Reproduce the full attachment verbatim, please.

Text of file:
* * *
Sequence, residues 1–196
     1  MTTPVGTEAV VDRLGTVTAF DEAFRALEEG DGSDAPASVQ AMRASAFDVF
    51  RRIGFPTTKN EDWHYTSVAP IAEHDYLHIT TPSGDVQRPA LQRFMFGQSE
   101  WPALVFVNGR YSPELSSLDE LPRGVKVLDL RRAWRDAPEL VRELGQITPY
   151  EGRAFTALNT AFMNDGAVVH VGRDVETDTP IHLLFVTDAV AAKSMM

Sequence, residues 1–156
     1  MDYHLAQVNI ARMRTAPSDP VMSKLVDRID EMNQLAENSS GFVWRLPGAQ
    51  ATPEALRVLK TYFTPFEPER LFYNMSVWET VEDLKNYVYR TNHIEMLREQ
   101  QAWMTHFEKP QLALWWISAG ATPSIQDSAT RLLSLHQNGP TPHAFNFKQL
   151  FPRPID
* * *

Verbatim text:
Sequence, residues 1–196
     1  MTTPVGTEAV VDRLGTVTAF DEAFRALEEG DGSDAPASVQ AMRASAFDVF
    51  RRIGFPTTKN EDWHYTSVAP IAEHDYLHIT TPSGDVQRPA LQRFMFGQSE
   101  WPALVFVNGR YSPELSSLDE LPRGVKVLDL RRAWRDAPEL VRELGQITPY
   151  EGRAFTALNT AFMNDGAVVH VGRDVETDTP IHLLFVTDAV AAKSMM

Sequence, residues 1–156
     1  MDYHLAQVNI ARMRTAPSDP VMSKLVDRID EMNQLAENSS GFVWRLPGAQ
    51  ATPEALRVLK TYFTPFEPER LFYNMSVWET VEDLKNYVYR TNHIEMLREQ
   101  QAWMTHFEKP QLALWWISAG ATPSIQDSAT RLLSLHQNGP TPHAFNFKQL
   151  FPRPID